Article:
The reason this or any government chooses to stimulate people who decide to raise children is because that is the only way to make sure we don't die out. Someone who has chosen not to "breed" - what a horribly term - has every right to that lifestyle, but not with official blessing. This is not a moral judgement, it's basic maths. Finally, most children will one day become taxpayers and their contributions will be enjoyed even by those who decide "not to breed".
Marc Sturgeon, UK

Another perk for those with children. My taxes are re-arranged to give people with children more money, I have to cover the time when people with children take extra time off, now I will have to cover while people with children pick and choose the hours they work. What will be the next step?

People with children needn't work at all, let them have 18 years off while the rest of the work force support them. It was their choice to have children, but let's make everyone else work themselves into the deck so that they can enjoy them!
Robert, U.K

I have been an employee for 17 years, the last 3 of which have been as a parent. I now have 2 children aged 3 and 1. I feel those that have not had children underestimate the effort and additional considerations that have to be made to balance work and family responsibilities. Pre-children, I for one, had little appreciation of the additional demands parenthood would bring, and also resented the seemingly unfair allowances made to parents.

For those without children but intend having them in the future, enjoy it now, your life is so uncomplicated - and you'll certainly be glad of any flexibility your employer can give when you do. For those without children with no intention of having any - that's your choice, and I envy your personal freedom, you should enjoy it, instead of whinging.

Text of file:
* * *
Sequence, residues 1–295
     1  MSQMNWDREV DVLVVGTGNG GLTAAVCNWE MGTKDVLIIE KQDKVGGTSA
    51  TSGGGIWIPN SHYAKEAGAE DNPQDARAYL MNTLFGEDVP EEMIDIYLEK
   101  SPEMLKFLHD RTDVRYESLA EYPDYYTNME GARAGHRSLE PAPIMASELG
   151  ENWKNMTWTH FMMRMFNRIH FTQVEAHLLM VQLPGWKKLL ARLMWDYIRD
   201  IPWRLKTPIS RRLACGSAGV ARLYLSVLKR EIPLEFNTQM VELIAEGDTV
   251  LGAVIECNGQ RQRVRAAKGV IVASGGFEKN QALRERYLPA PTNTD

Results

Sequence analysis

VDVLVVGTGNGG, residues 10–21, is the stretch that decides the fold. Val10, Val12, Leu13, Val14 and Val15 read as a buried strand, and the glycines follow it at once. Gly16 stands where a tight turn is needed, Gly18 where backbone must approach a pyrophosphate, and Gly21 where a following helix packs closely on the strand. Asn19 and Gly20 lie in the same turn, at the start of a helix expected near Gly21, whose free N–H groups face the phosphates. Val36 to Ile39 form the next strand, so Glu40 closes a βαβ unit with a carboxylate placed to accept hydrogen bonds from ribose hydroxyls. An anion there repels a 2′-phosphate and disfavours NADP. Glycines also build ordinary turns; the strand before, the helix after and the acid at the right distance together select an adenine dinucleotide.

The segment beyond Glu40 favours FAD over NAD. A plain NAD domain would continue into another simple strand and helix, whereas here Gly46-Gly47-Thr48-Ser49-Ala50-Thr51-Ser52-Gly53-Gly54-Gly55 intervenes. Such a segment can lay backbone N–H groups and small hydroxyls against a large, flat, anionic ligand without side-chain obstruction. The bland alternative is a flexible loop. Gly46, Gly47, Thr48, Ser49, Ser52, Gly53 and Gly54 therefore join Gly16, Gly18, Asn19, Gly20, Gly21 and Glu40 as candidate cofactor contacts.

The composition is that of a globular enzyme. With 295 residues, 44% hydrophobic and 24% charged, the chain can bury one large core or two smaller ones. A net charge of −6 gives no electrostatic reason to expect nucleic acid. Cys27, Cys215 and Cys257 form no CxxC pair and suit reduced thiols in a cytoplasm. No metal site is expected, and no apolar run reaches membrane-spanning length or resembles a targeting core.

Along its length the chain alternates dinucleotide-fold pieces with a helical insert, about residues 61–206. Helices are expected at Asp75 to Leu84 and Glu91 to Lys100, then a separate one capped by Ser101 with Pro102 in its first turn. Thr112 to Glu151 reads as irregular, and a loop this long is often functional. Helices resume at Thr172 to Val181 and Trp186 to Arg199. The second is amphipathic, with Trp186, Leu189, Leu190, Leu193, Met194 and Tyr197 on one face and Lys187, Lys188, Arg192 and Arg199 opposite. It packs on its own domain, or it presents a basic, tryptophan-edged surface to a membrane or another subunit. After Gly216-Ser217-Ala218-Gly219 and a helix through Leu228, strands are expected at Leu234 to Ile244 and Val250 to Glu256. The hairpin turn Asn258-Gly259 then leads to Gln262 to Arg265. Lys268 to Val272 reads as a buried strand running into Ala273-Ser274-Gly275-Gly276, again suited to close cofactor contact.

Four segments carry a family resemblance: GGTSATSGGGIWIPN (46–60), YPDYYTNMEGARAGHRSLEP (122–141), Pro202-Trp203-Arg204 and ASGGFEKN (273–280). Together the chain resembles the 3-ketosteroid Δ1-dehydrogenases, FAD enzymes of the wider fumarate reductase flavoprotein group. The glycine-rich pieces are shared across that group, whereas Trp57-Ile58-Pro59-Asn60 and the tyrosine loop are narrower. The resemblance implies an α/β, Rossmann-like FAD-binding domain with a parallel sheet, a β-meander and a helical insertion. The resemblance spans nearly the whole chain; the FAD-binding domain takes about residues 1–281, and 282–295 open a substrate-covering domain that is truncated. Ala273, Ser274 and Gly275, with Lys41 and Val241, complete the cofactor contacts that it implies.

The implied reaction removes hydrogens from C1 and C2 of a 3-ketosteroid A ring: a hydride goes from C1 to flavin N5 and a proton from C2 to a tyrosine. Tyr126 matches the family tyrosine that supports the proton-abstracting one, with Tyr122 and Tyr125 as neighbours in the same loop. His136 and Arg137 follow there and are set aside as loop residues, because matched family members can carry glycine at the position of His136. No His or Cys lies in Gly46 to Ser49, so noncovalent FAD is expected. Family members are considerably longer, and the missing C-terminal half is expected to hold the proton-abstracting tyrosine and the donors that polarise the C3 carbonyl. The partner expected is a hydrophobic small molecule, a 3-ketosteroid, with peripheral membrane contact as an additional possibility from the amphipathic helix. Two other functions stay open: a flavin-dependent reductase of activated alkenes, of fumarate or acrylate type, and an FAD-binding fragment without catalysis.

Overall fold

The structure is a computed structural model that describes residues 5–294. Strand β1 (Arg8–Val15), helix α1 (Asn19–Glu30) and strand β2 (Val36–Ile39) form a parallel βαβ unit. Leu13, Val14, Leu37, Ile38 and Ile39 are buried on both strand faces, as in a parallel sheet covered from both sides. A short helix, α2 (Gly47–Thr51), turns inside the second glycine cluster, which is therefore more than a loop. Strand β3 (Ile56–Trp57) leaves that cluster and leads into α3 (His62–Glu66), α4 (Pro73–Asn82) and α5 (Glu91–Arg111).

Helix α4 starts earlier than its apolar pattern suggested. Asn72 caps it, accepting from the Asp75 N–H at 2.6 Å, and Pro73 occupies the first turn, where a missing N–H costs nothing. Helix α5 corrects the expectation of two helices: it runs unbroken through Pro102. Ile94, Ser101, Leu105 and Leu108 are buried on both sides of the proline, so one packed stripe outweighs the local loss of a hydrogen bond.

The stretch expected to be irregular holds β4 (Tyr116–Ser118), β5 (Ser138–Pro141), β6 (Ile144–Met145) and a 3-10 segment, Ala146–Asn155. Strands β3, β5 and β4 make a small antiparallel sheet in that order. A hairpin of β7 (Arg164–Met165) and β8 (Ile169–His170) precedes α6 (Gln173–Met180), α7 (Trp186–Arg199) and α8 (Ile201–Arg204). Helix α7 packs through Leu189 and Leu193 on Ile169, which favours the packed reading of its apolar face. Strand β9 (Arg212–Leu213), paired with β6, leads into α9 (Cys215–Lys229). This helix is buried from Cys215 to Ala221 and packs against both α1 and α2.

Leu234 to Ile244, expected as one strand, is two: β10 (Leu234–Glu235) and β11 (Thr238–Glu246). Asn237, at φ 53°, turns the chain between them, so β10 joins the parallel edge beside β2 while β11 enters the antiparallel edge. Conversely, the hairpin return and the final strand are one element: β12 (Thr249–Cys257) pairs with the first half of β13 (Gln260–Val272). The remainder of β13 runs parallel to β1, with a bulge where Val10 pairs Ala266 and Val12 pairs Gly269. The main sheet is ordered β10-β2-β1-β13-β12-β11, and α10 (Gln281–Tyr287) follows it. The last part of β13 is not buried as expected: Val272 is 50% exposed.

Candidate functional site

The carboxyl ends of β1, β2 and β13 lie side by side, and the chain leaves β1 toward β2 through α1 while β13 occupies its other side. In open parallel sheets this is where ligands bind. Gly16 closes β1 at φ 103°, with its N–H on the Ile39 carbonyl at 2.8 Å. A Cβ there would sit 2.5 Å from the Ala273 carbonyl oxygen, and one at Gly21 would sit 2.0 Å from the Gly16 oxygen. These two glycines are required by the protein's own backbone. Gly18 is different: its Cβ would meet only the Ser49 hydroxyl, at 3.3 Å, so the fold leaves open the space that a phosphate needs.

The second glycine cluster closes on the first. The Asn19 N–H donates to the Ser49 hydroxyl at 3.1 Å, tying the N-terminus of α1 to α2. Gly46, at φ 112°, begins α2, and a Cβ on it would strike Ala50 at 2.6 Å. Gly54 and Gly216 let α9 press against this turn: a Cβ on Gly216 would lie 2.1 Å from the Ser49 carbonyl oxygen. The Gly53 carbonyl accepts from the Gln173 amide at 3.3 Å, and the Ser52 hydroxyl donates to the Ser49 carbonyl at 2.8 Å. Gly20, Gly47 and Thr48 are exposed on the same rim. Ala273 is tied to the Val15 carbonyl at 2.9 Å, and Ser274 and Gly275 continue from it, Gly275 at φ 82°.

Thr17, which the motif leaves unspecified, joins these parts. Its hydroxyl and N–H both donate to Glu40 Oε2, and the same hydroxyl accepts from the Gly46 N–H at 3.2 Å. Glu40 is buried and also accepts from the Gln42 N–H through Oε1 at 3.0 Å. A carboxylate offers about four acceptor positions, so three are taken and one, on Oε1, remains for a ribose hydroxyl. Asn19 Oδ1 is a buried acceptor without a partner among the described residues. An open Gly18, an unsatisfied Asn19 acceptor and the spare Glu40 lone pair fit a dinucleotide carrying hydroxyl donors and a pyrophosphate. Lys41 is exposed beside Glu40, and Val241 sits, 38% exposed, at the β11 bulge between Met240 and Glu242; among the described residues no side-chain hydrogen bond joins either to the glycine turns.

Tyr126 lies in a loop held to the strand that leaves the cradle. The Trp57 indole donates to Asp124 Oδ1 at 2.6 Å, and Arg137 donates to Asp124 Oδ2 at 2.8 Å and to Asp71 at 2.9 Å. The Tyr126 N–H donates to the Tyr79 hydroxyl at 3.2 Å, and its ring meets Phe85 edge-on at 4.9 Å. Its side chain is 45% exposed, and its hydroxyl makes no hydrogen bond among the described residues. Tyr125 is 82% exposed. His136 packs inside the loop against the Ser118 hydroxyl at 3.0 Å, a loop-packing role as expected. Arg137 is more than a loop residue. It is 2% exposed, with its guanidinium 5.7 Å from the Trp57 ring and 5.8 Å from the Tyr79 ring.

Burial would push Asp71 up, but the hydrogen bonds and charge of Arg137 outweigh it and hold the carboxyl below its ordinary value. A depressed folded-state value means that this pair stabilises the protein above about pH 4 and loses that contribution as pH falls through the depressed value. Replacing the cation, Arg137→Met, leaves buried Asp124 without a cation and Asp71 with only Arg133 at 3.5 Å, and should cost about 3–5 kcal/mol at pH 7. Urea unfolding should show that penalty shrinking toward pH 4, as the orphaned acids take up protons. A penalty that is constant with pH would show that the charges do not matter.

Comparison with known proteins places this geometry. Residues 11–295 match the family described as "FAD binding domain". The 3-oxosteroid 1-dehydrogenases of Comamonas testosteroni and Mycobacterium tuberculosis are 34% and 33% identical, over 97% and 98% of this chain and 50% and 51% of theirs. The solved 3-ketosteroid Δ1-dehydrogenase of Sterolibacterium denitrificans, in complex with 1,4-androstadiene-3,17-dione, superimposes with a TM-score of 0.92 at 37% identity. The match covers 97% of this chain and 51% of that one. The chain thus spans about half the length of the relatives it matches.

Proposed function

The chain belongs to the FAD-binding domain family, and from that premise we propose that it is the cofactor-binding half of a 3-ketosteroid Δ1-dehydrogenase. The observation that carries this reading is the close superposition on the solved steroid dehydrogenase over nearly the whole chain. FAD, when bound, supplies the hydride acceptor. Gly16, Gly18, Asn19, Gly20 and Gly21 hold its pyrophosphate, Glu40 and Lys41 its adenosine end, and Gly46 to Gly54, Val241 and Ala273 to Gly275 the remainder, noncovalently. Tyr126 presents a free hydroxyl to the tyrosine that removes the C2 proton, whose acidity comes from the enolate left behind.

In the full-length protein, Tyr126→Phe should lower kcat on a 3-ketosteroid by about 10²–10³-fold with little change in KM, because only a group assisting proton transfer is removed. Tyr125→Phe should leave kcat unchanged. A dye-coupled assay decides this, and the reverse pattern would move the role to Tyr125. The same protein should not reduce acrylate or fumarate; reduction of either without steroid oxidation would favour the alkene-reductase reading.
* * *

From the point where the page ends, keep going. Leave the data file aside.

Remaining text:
James Dean, UK

Employers can start by not dumping on those of us that don't have children. I may not have children but that doesn't mean I don't have a life. I'd like the freedom to shift my hours to suit myself - do I have to bring an unwanted child into the world to get this privilege? And excuse my ignorance, but I thought that in the land of free speech I already had the right to ask for things.
Dave Tankard, UK

I think that the Government's proposals are another example of the veiled socialism that it practices. Business exists to make money, not to be a giant charity. This will be counter-productive as businesses will be forced to juggle all kinds of work schedules and at considerable cost and possibly bankruptcy.
Jeff, USA

To give perks to those with children without giving the same to all is discrimination. I thought discrimination was illegal in the UK. Having been a carer for more than 20 years, parenthood hasn't been an option. It's time Mr Blair recognised the fact that those without children are not lesser beings and stopped taxing us unfairly, and discriminating against us with his policies.
J Mead, UK

I work in a shift team environment where if one person is missing someone of equal qualifications and status has to cover his/her job. Giving flexibility to one causes disruption to the home life of another. If my relief does not come to work I have to stay, or I get called out on my time off. We all have home lives not just those with younger children.
Mark, Scotland


Although I have children I feel that flexi is an ideal way to work

Tracy Faulkner, England
I have worked for BT for the past 12 years and for many of them have had a flexible contract. Although I have children I feel that flexi is an ideal way to work - it gives the employees a better way of working and employers a happy work force. At times I have been asked at short notice to cover periods at the end of the day when not enough staff are available and everyone has repaid the company's flexibility by offering to change their plans.